They also showed up once on Win Ben Stein's Money. Marc was knocked out in the first round, while Andy went head-to-head with Stein. The "Mighty Mr. Stein" prevailed. "Playing against Ben … he's crazy," says Goebel. "He really wants his money and he plays four times a day, so he's very fast on the buzzer. Anything you know, he'll know as well, so your only chance is to buzz in ahead of him."

Both Ben Stein and Geeks were cancelled at the same time. Game show analyst Steve Beverly says that Comedy Central simply tired of game shows, especially once the Millionaire fad sputtered out.

“Shortly after Geeks wrapped its second season Comedy Central got a new head of development for the West Coast,” explained Goebel. “She fired the second-in-command and was therefore forced to cancel all the shows he developed or pay him for airing them. Those included Geeks and Battlebots. Since they were cancelling two of their three game shows they decided to save money and cancel Ben Stein, too. Ben's salary was huge, not to mention the prize budget."

A geek in shining armour in defence of TV's virtue

Goebel is not only an expert on TV shows, he's also appeared on a number of them, including Will & Grace, Ally McBeal, Roswell, Curb Your Enthusiasm and Boston Common.

Unsurprisingly, he is a staunch defender of TV. "It's ridiculous that three or four people can drink coffee and discuss a movie for hours, but if they talk about TV, somebody will say, 'Is that all you do, watch TV?' When people say that movies are better than TV, I have three words for them: The Real Cancun. That was a terrible movie based on a great TV show."

In fact, at a time when movies have about as much plotline as your average PlayStation game (and almost as many explosions or car chases), one can argue that TV is actually better than movies these days, especially given the productions out of HBO and other cable channels.

“Back in the day, there were three channels and half of what was on them wasn’t any good,” he adds. “Now, there are so many channels and shows that are really good, you can’t watch them all. My wife only adds one new show a season.”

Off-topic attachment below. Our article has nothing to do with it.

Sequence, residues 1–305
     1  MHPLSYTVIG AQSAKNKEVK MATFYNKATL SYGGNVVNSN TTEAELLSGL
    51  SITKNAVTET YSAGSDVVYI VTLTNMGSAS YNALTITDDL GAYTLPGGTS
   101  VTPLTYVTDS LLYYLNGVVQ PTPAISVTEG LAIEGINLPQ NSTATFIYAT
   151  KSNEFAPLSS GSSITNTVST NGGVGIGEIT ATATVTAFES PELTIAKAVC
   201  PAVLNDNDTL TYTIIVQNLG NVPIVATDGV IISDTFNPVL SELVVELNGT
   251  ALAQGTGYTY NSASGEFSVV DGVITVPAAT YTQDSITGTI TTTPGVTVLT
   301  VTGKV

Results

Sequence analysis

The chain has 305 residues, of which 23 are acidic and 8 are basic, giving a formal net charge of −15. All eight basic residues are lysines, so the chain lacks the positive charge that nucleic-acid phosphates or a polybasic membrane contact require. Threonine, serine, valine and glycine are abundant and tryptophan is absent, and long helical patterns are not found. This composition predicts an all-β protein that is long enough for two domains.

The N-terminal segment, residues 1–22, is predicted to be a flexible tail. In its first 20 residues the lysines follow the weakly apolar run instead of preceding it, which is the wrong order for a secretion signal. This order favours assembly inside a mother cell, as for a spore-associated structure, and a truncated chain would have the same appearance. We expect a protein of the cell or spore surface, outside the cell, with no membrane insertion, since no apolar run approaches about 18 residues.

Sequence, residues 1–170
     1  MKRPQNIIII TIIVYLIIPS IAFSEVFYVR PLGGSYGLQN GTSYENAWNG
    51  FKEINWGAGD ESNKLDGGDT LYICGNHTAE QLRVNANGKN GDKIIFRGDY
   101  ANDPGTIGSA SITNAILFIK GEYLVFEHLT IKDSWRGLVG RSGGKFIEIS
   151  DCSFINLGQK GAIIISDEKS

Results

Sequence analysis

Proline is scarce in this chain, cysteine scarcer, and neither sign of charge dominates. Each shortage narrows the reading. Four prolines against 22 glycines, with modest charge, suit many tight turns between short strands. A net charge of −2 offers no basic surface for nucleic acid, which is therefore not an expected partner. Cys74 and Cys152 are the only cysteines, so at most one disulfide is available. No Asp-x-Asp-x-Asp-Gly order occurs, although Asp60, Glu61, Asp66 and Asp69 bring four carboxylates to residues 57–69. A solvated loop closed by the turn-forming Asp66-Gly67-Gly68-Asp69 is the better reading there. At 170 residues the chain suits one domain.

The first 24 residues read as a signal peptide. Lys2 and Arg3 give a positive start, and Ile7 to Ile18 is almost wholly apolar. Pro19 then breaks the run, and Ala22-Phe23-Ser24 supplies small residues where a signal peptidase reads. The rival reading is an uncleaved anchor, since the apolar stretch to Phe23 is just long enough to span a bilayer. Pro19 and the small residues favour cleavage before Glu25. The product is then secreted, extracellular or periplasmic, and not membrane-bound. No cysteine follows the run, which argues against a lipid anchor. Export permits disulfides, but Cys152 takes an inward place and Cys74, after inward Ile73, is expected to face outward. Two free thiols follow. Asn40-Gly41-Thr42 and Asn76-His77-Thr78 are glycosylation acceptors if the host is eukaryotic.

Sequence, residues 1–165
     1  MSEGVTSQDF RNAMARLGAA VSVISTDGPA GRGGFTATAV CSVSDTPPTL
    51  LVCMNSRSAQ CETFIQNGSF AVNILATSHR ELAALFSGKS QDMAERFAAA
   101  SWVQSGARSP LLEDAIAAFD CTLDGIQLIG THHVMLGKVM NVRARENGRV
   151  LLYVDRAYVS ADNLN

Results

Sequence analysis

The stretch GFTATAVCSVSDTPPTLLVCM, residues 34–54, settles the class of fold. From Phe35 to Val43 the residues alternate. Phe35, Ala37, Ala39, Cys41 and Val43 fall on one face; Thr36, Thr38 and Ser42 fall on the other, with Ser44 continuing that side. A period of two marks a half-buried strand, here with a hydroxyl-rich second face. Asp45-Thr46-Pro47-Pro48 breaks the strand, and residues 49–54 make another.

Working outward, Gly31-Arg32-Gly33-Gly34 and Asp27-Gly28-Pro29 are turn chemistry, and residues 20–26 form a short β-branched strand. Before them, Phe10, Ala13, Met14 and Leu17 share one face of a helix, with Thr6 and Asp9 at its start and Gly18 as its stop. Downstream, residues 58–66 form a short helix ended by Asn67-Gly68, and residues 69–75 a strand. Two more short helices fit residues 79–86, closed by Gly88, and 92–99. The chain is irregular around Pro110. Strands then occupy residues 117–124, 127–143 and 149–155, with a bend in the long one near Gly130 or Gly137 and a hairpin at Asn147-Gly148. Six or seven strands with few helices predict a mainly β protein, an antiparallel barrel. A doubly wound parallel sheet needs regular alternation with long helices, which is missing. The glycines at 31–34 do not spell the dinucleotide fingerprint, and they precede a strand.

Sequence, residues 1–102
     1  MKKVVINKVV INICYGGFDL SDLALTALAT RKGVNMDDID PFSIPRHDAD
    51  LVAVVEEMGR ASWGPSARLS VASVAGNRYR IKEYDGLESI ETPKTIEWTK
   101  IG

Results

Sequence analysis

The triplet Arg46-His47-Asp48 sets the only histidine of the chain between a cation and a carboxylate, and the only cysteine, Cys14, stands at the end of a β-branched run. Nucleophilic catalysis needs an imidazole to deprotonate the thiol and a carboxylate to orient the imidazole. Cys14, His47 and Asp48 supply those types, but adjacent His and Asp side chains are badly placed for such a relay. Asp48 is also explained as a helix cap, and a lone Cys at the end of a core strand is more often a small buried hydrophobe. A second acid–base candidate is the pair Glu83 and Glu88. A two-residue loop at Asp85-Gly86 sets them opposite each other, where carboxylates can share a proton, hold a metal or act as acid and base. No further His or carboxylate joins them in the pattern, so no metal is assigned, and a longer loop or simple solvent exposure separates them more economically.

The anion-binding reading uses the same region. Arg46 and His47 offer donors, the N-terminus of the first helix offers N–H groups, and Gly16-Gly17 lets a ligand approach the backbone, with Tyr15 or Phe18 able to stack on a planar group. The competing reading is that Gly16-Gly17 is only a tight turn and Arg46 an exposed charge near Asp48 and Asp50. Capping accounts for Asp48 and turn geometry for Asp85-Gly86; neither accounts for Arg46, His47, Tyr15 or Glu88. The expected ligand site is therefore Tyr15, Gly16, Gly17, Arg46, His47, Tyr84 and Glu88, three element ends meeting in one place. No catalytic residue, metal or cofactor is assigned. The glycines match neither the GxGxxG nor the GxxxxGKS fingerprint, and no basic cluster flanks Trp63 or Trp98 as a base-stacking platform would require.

Although fewer scripted TV shows are shared cultural reference points, Goebel thinks that reality shows have emerged instead as the grist for today's water-cooler conversations. "Reality TV is so compelling that people don't want to miss them. You watch American Idol and that's an experience you can only have watching TV. You cannot get that anywhere else, not in a movie theatre, not in the pages of a book or magazine."

The geek's Canuck connections

Growing up in Flint, Michigan, Goebel also watched some Canadian TV. "I'd be amazed that you'd get great stuff like SCTV alongside some really bad sitcoms. I'd watch King of Kensington and I'd say to myself, 'I know this is supposed to be funny; I just don't know how.'"

Canadians have, however, taken to Geeks, and they definitely know why it's supposed to be funny. It has been airing on the Comedy Network (essentially, a knock-off of Comedy Central) since April 2003. "When Blaine went up to Toronto, he was mobbed by people who recognized him from Beat the Geeks," says Goebel. "He said it was like being a movie star."

Unfortunately, the Comedy Network only airs the second season of Geeks and has beaten it to death, playing the same shows four times a day. Comedy is currently planning on quietly cancelling the show in the second week of June. "I'm hoping that a letter-writing campaign might save it."

He says the Meet the Geeks show has also been looking to tour Canadian campuses. If you're interested, contact the Geeks' booking agent at

And, while you're browsing around, Goebel is running for president, as part of Showtime's reality show American Candidate. Go to and cast your vote for a truly trivial candidate!

First posted: May 2004